Children’s Secretary Ed Balls has announced a raft of measures to strengthen the admissions process and vowed to improve the choice of good schools by tackling 638 secondaries where 70 per cent of pupils fail to get decent GCSEs.
But the liberal thinkthank Progressive Vision claimed the number of pupils missing out on their school of choice was a "national scandal" and the Government should give those parents the cash value of a year’s education.
Staffordshire had the highest proportion of pupils gaining first preference secondary school places and Birmingham the lowest regionally, Government figures show.
Almost 92 per cent of 11-year-olds transferring from primary to secondary school in Staffordshire got their first choice, compared to 65.2 per cent in Birmingham.
The dramatic variation was highlighted in figures on admissions published for the first time nationally by Ministers that show nearly one in five parents failed to secure a place at their preferred school.
Nationally, 81.6 per cent of pupils gained their first preference secondary school. The proportion was slightly lower in the West Midlands at 79.6.
The regional breakdown shows parents in urban areas tended to be less likely to get their first choice.
After Birmingham, Sandwell had the next worst record with only 72.9 per cent of youngsters getting their preferred place.
In Walsall, 73.9 per cent benefited. Warwickshire bucked the trend for rural areas to do better with nearly a quarter of pupils – 24 per cent – missing out.
Shropshire was next best after Staffordshire with 91.8 per cent successful in getting their preferred place.
Nationally, 6.1 per cent of pupils failed to get a place at any of their three first-choice schools. In the West Midlands, the figure was 4.5 per cent. In Birmingham the proportion failing to get any of their six preferences was 6.8 per cent.
Speaking at the Association of School and College Leaders conference in Brighton yesterday, Mr Balls admitted parents would never have a fair choice while hundreds of comprehensives still fail to provide a good education.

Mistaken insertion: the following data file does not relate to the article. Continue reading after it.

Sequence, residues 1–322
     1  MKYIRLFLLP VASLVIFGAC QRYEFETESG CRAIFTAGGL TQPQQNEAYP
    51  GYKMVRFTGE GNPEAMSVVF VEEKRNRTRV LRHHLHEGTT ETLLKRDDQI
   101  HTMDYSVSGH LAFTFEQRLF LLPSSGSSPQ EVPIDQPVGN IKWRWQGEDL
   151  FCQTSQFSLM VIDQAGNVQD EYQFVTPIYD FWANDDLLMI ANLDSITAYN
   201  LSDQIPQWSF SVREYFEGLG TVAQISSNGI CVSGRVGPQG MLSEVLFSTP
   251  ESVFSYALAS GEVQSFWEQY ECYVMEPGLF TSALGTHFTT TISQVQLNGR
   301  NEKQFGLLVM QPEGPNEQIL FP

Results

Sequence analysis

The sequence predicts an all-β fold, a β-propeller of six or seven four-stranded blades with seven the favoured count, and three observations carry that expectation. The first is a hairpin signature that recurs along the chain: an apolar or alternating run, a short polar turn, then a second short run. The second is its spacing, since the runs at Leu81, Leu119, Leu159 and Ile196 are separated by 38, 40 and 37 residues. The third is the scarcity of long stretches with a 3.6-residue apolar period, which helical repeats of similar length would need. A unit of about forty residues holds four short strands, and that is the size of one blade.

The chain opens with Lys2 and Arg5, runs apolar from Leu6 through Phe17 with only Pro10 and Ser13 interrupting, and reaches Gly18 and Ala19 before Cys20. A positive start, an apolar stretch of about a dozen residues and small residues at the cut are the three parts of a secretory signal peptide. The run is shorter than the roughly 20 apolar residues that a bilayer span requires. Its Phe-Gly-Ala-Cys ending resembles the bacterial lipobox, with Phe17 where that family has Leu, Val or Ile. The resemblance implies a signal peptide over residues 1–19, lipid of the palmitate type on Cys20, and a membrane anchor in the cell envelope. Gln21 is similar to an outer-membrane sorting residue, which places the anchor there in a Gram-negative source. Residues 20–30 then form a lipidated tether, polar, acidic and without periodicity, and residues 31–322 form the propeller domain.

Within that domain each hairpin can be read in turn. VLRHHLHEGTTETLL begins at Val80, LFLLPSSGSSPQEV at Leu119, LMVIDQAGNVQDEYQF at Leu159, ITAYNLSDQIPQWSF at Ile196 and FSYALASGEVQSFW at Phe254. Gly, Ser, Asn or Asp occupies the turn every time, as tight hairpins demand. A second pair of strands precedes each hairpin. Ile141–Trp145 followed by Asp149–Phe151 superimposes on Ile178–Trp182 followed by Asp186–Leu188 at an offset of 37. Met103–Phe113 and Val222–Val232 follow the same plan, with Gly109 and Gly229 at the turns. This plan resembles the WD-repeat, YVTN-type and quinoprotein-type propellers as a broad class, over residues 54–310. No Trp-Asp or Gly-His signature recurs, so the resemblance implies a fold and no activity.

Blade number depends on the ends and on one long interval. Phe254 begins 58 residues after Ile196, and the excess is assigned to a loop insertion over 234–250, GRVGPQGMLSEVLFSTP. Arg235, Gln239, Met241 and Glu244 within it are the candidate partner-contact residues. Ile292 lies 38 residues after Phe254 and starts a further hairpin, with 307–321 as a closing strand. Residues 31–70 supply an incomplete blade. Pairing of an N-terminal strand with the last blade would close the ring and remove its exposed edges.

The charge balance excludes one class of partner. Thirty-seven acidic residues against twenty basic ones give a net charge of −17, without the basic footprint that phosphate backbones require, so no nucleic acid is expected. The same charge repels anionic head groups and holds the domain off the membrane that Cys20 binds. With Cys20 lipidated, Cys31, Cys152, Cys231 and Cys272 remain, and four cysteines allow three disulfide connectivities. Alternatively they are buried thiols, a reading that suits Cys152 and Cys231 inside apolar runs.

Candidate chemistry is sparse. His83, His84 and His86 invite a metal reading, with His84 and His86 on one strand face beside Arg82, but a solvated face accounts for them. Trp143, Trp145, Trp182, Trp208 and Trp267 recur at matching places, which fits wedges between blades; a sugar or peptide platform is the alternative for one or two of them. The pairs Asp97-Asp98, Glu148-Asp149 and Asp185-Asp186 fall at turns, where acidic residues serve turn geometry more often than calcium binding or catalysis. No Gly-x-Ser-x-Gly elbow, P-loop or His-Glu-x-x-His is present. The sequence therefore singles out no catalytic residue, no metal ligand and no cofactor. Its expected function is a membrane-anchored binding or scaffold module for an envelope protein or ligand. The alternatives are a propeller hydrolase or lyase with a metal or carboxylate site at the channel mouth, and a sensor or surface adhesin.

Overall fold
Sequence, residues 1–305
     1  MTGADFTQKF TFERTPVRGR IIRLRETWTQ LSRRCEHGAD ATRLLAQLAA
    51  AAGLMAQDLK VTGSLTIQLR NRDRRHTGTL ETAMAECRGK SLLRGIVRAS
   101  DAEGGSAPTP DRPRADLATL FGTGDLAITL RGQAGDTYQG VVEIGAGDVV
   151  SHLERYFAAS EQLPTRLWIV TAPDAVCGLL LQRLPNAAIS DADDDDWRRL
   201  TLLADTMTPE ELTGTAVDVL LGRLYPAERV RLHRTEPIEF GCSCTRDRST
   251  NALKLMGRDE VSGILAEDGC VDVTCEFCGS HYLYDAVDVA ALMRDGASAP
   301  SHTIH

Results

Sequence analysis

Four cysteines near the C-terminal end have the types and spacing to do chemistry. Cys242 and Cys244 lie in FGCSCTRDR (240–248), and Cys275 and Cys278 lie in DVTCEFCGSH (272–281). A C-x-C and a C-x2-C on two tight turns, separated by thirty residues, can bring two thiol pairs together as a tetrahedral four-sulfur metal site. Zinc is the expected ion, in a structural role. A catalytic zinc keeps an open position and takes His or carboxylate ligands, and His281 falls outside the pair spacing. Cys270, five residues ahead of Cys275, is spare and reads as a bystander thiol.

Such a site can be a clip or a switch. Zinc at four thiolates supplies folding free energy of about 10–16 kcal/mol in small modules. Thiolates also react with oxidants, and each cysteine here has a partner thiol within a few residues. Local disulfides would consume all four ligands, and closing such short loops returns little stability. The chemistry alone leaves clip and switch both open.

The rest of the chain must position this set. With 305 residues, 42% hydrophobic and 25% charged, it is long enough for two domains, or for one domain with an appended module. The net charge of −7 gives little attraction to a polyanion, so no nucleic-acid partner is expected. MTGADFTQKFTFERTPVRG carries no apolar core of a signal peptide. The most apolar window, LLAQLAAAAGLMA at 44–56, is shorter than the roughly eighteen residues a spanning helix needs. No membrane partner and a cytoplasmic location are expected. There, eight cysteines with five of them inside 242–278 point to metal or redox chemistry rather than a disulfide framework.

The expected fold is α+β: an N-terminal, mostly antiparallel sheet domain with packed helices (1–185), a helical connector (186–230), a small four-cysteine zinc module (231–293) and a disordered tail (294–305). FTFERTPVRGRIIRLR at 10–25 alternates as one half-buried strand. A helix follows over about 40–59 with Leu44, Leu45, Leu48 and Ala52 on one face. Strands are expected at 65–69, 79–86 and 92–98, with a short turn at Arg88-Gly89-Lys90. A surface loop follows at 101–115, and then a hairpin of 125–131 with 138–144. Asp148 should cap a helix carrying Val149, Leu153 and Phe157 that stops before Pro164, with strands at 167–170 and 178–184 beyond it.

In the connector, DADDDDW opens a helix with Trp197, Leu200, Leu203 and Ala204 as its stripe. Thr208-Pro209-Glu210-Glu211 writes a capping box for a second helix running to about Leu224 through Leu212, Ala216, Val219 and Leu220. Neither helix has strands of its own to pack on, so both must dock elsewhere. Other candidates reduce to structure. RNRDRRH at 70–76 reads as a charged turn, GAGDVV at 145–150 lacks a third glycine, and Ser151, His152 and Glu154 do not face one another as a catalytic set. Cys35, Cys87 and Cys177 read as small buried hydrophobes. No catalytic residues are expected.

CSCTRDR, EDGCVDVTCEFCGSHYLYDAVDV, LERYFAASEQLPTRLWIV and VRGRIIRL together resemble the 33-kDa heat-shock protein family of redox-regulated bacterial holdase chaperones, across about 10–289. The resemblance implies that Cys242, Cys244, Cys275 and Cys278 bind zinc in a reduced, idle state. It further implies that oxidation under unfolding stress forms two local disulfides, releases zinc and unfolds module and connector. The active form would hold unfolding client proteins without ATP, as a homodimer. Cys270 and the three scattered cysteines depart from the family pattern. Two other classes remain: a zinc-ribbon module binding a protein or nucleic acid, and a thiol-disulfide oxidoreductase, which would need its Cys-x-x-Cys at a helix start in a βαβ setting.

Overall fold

"If there’s an excellent school in an area and two considerably weaker schools, that isn’t really a fair choice," he said. "Parents say to me they want every local school to be a good school and we won’t in the end get truly fair admissions until we make every school a good school."
Mr Balls said there would always be parents who were "disappointed and upset" by their allocation.
"In the end the only way to have truly fair admissions is to raise the standards of all schools so that parents can be choosing as they would see it between a range of good schools."
Concern was also raised yesterday over a number of schools that are breaking admissions rules and denying places to children whose parents refuse to pay fees for what should be a free state education.
Mr Balls said a Government education review had uncovered unlawful admissions practices in a "significant minority" of schools.
Most of the schools involved were faith schools.
Mr Balls said such action was "totally unacceptable" and the Church of England said it was "very disturbed" by the findings.
However, Shane Frith, director of Progressive Vision, said more radical reforms of school admissions was needed.
"The only sensible alternative is to ensure that students denied their first choice should be given the equivalent value of their education – about £5,500 a year – to take to any school of their choice.
"This would place power and choice with parents and pupils rather than with bureaucrats and politicians."